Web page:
As was recently pointed out by Jeff Minick (in a separate, recent article), ‘traditional manhood’, as it exists in America at least, is foundering and drowning in the toxic brew that is ‘woke’ social consciousness (in which conservative traditional manhood is being subsumed by feminism, and in which small, disparate, fragmented elements of society are elevated to the status of cultural idols).

    Is this in part perhaps because today’s male youths are so terrified by their own gender uncertainties as to what it means to be ‘a real man’, due to constant attack by shrill-voiced harpies who secretly wish they were born men instead of biological females?

    Is it because so many of today’s young men lack strong, positive and benevolent male mentors who can inculcate in them an awareness of what it is to be manly, principled, courageous and decisive (yet wise, morally generous and maturely balanced)?

    Is it attributable to the immense sums of corporate money spent on pushing virtue-signaling fads that socially and politically emasculate any ‘male’ who dares to stand up and say ‘enough’ to the moral degenerates who command the central circus spotlight of ‘woke social consciousness’?

    There are many causative factors at work here, and GQ Magazine, in pandering to all of this gender uncertainty and confusion (and always has, for that matter), is, as you point out, one of the worst adverse influencers.

    ‘Fashion’, per se, is a superficially hollow, highly narcissistic nuance of status-seeking peer behavior, but when fashion prostrates itself at the foot of callow, uncertain youthfulness, it’s merely another example of the worst aspects of ‘social media’ peer-review processes coming to the fore in what is largely crass, commercial exploitation.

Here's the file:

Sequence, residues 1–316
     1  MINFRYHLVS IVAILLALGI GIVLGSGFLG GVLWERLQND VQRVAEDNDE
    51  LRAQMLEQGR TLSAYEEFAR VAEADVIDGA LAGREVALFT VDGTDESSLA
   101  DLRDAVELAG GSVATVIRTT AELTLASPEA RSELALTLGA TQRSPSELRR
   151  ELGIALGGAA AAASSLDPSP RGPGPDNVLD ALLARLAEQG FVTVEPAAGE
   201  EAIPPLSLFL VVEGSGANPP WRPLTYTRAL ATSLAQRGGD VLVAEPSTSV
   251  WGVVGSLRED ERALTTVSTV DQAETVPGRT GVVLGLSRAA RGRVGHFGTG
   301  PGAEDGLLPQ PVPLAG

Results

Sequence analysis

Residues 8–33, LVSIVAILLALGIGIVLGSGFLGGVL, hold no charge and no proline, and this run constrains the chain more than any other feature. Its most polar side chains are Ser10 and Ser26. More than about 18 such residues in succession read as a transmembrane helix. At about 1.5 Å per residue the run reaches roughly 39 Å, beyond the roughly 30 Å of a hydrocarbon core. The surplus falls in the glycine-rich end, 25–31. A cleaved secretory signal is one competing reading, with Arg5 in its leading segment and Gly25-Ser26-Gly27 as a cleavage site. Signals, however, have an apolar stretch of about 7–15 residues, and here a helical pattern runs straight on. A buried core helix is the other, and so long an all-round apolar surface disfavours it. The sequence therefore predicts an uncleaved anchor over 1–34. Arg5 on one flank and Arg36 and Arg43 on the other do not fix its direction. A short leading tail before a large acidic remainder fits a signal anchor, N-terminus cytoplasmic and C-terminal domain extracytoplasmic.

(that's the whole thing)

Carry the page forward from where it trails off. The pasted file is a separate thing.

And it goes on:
Of course, youth and ignorant adults (the so-called arrested juveniles among us who never quite matured themselves) are terrible models to emulate by any society at large and the shameless pandering that is done by mega-monied interests, playing exclusively to that group of individuals, is motivated principally by unconscionable, corporate profiteering aimed at mercilessly exploiting this ignorance.

    As for ‘male style and fashion’, the very best norms to champion would be a return to acceptance of the basic fact that, biologically speaking, ‘men are men, women are women, and anything else is freakish and unnatural.’ That isn’t to say that individuals shouldn’t be allowed to pursue whatever fantasy gets them through the dark night of the human experience…be it natural or unnatural…but let’s stop encouraging a small but shrilly vocal minority to demand the femininization of masculinity (and vice versa), and let’s declare an immediate moratorium on the fantastical, unnatural nonsense that would have EVERYONE in America accept this illogical, perversely unrealistic claptrap as reality.

    REPLY
    • Avatar
      Ross@Kalikiano Kalei
      November 22, 2022, 6:14 pm

      Well said!

      REPLY
    • Avatar
      Ronnyooo @Kalikiano Kalei
      November 23, 2022, 5:25 pm

      Well said!
      You may now dismiss any political asperations you may have had for speaking truth. Pilot: "what is truth?"

      REPLY
  • Avatar
    lynn
    November 22, 2022, 1:37 am

    GQ has no longer been the classy men’s magazine, that it once was. It has become a WOKE rag!

    REPLY